21 December 2011

Tired of Being Victimized, Some Women Fight Back

Activists rally in Jakarta in September after Jakarta Governor Fauzi Bowo said women in short skirts invite rape. (JG Photo/Safir Makki) 
Kartika was waiting for a bus when a man shouted at her from inside a small food stall across the street, “Look at those boobs!” 

Knowing she was the only woman present and seeing that a number of men inside the eatery were looking at her, she crossed the street and walked into the place. 

“I was very angry and I demanded to know who shouted at me,” the 28-year-old photographer said. “Of course, nobody dared to speak. They all tried to look innocent.” 

It was not the first time Kartika was the target of such commentary. 

“Once I was in a hurry and walking past a group of men, car mechanics, on the street when one of them said something that made me turn around and give them a look that told them they were impolite,” she said. “To my surprise, one of the men yelled at me and started calling me animal names!” 

Kartika is tough. She went home and returned ten minutes later with a big knife she often uses when trekking in the forest.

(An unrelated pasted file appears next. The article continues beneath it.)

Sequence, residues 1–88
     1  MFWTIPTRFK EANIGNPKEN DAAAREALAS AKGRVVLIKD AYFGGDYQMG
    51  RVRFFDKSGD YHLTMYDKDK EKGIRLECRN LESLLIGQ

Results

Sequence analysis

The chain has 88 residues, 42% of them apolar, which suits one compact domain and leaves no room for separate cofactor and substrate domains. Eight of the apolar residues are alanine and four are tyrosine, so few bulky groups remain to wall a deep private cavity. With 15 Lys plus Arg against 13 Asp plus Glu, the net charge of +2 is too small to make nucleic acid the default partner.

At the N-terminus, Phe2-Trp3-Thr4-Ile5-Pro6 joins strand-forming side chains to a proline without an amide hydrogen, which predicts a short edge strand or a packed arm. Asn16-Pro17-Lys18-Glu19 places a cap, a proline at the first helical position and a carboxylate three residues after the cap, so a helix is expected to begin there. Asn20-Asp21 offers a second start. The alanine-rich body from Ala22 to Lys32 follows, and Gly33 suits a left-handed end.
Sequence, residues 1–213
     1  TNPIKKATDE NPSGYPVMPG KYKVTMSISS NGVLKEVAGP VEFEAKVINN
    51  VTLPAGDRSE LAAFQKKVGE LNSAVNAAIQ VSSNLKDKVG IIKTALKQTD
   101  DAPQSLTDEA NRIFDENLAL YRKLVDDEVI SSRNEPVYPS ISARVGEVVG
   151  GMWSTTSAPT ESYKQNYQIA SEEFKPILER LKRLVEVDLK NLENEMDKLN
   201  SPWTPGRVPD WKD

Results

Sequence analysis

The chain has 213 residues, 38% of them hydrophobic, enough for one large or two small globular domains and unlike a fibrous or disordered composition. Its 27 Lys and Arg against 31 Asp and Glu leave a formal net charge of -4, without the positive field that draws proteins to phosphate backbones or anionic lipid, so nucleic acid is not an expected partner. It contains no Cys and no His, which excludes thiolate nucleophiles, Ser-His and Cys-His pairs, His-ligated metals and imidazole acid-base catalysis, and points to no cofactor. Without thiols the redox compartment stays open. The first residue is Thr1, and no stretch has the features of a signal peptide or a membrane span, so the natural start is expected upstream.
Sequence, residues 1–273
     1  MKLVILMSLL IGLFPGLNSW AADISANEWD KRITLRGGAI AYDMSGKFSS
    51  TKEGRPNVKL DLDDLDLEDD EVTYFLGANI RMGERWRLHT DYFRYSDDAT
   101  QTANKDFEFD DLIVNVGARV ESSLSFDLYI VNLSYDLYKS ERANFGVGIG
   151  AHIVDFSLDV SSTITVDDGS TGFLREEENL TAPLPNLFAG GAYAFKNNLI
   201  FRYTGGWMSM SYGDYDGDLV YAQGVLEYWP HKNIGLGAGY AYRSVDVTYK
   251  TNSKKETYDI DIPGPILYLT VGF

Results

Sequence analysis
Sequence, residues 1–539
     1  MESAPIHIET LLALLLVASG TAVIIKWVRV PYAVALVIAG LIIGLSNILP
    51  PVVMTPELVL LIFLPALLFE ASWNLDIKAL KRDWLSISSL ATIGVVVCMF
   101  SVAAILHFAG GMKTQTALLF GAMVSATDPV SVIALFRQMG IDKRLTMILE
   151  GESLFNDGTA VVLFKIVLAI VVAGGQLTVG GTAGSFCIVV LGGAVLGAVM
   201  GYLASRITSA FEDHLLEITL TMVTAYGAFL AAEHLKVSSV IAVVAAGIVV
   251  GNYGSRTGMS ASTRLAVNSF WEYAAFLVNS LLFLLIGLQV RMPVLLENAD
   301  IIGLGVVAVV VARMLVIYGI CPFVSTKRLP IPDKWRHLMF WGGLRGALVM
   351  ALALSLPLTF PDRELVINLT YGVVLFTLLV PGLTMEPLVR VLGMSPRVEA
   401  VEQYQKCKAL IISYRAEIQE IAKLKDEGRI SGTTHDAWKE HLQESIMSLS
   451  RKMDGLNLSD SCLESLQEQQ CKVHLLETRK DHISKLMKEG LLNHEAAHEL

Enough is Enough 

Her family tried to stop her, telling her men “just do that sometimes.” But she had had enough. 

“What he did was offensive,” she said. With her younger brother walking behind her and the knife in her hand, Kartika went back to the workshop and asked for the man. 

“Everyone, with an innocent look, said they had no idea where he was,” she said. “I knew he was hiding somewhere inside so I just said to them, ‘Tell that coward I am still looking for him. I still remember his face.’” 

Kartika was fed up, she said, because too often women are targets of sexual harassment and she is tired of feeling like a victim. 

“It is not because you have big boobs, a curvy body, a beautiful face or wear tight outfits that men harass women, it is because they are too stupid to understand that what they do is offensive and unbelievably rude,” said Kartika, whose outfit of choice for most days is jeans and a loose-fitting shirt. 

“From the many bad experiences I have had,” Kartika said, “I can say that most of these guys are not well educated. Not that well-educated people don’t do such things, they might, but this is based on where these things have taken place.